Earlier in the Arthur judgment, Sir Thomas Bingham Mr had said:

“I would not accept that the clamper could exact any unreasonable or exorbitant charge for releasing the car, and the court would be very slow to find implied acceptance of such a charge. The same would be true if the warning were not of clamping or towing away but of conduct by or on behalf of the land owner which would cause damage to the car. Nor may the clamper justify detention of the car after the owner has indicated willingness to comply with the condition for release: the clamper cannot justify any delay in releasing the car after the owner offers to pay and there must be means for the owner to communicate his offer. But those situations did not arise here.”

Those remarks were clearly obiter dicta but, it is submitted, would be followed by subsequent courts in view of the good sense which they clear contain.

Other legal avenues?

It is hardly surprising that aggrieved persons are seeking other legal possibilities in their attempts to curb the activities of clampers but few such avenues are at all clear in their applicability.

Consumer Protection from Unfair Trading Regulations 2008 (CPUTR).

There has been some suggestion that the Consumer Protection from Unfair Trading Regulations 2008 might offer some protection to parkers. The regulations are here

and guidance has been made available.

Any possible use of these Regulations in relation to clamping remains to be tested in the courts. The Regulations implement Directive 2005/29/EC (The Unfair Commercial Practices Directive).

The Regulations are difficult but are clearly aimed at what might be colloquially referred to as “sharp practices” between traders and consumers. Regulation 2 is a lengthy interpretation section and is mandatory reading for anyone trying to understand the regulations. A key definition is that of “commercial practice” and it will be seen from the definition that a direct connection is required between what the trader does and the “promotion, sale of supply of a product to or from consumers ….” [Note: words such as “trader”, “product”, “consumer” are also defined in Reg. 2].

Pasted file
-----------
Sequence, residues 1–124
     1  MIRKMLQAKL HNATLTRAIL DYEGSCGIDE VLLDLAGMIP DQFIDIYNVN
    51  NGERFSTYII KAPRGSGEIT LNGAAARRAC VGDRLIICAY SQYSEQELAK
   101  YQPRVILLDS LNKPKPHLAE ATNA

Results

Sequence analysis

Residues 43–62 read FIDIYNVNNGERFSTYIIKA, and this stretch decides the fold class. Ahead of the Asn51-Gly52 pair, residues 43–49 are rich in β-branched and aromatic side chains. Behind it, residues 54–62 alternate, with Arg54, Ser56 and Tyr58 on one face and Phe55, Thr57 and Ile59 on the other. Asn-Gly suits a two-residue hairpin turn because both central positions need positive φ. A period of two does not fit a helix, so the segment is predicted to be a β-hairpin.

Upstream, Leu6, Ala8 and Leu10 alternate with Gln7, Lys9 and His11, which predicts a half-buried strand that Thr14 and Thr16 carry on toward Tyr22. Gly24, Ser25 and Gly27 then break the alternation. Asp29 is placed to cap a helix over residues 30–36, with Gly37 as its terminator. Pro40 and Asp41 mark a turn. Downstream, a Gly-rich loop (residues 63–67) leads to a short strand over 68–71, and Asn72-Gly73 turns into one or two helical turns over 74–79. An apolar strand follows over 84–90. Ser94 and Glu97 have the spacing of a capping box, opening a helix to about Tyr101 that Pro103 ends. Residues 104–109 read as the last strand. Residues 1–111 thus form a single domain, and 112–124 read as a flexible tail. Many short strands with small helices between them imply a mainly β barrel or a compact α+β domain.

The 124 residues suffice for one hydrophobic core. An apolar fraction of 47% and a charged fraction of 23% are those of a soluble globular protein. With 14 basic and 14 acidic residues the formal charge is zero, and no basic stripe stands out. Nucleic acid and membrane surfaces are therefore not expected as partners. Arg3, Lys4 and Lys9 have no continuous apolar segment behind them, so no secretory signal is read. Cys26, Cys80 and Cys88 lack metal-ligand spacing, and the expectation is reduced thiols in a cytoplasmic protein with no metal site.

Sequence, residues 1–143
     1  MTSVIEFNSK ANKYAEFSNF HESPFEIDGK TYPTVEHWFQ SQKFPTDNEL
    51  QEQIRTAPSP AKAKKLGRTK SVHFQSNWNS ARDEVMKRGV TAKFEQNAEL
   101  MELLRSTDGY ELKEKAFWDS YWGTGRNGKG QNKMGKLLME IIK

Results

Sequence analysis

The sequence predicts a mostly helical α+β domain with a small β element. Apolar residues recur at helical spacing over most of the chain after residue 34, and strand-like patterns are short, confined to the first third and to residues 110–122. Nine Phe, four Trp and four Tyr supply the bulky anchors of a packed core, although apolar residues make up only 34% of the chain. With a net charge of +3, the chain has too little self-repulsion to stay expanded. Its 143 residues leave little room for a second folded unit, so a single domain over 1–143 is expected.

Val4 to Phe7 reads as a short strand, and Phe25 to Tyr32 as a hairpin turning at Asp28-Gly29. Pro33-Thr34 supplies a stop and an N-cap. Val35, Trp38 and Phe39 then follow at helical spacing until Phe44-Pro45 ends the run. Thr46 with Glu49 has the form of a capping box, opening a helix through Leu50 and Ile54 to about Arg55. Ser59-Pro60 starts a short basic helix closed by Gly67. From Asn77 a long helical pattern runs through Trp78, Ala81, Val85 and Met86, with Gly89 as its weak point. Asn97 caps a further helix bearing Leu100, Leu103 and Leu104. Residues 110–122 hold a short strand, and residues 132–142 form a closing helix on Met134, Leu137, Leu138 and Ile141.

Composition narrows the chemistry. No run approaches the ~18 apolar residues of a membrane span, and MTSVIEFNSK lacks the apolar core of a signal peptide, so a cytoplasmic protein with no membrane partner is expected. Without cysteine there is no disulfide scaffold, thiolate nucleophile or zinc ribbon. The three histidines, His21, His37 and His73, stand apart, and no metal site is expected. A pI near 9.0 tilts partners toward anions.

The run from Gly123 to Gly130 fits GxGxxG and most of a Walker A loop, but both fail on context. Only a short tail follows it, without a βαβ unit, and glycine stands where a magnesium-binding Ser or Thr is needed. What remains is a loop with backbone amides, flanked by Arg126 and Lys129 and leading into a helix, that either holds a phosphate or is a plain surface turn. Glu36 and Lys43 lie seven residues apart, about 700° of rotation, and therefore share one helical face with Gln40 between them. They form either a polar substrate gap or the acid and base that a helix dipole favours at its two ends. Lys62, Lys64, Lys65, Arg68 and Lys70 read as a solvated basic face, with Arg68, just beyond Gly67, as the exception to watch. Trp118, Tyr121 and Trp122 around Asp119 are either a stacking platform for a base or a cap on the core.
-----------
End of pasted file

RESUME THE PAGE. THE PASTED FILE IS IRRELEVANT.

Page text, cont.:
Unless some act (etc) comes within the definition of “commercial practice” then you do not even get to first base with any of the possible offences created by Regulations 8. In my view, clamping activities do not related directly to products and so the clamping activity would not be a “commercial practice” within the meaning of the regulations. Even if I am wrong about this, the clamping would not be “unfair” (Reg 3) or “misleading action” (Reg 5 or “misleading omission” (Reg 6) or even “aggressive commercial practice” (Reg 7) since aggressive practice has to be directly connected with the promotion, sale or supply of a product.

Other offences?

Certainly those “companies” who engage in clamping would do well to adhere to the Companies (Trading Disclosures) Regulations 2008 , but these regulations do nothing to address the issue of individual (sole trader) clampers and many clamping activities are conducted by such individuals.

Yet another suggested angle is the Unfair Terms in Consumer Contracts Regulations 1999
, but these are clearly concerned with contractual situations – (essentially contractual terms in “standard” take it or leave it type contracts) - and, in any event, there is no contractual relationship between a clamper and the driver.

Would the Protection from Harassment Act 1997 offer any protection? There may be some situations in which it might but it is hardly likely to assist at the actual place where the car has been parked or at the time when the driver is trying to get his car released.

It has also been alleged that some clampers engage in fraud contrary to the Fraud Act 2006 – particularly section 2, and some forms of conduct might be caught by this – e.g. making a false representation that a “tow vehicle” has actually been called out and, as a result, an additional fee is required.

Of course, anyone clamping vehicles without a licence is committing an offence under the Private Security Industry Act 2001.

It has also been mentioned that clampers might be issued by the magistrates’ courts with anti-social behaviour orders. Given that only certain types of applicant are permitted (e.g. local authorities or the police) this possibility seems unlikely though it seems that Windsor is considering the idea.

The Private Security Industry Act and The Security Industry Authority
The Private Security Industry Act 2001 sets out rules for those wishing to engage in Vehicle Immobilisation (Car clamping/towing/blocking in) involving a release charge and prescribes penalties for breaches.
The act set up the Security Industry Authority .

Alleged illegal activity may be reported to the SIA via their website and it is possible to check whether any individual is licensed. Further terms for vehicle immobilisers were set out in The Private Security Industry Act 2001 (Licenses) Regulations 2007.

What needs to be done?
The balance of the law seems to be tipped against the driver and it is difficult to disagree with the Automobile Association that the latest Code of Practice planned by government is unlikely to work satisfactorily. Tighter legal regulation is required akin to that applicable to parking in public places. This would build on the existing requirement for clampers to be licensed. Fees need to be regulated and kept within reason and there should be a truly independent adjudication mechanism through which redress could be obtained in appropriate cases. Of course, many would prefer the system for England and Wales to be the same as that in Scotland where clamping of vehicles parked off-road is basically illegal.

Peter Hargreaves
September 2009.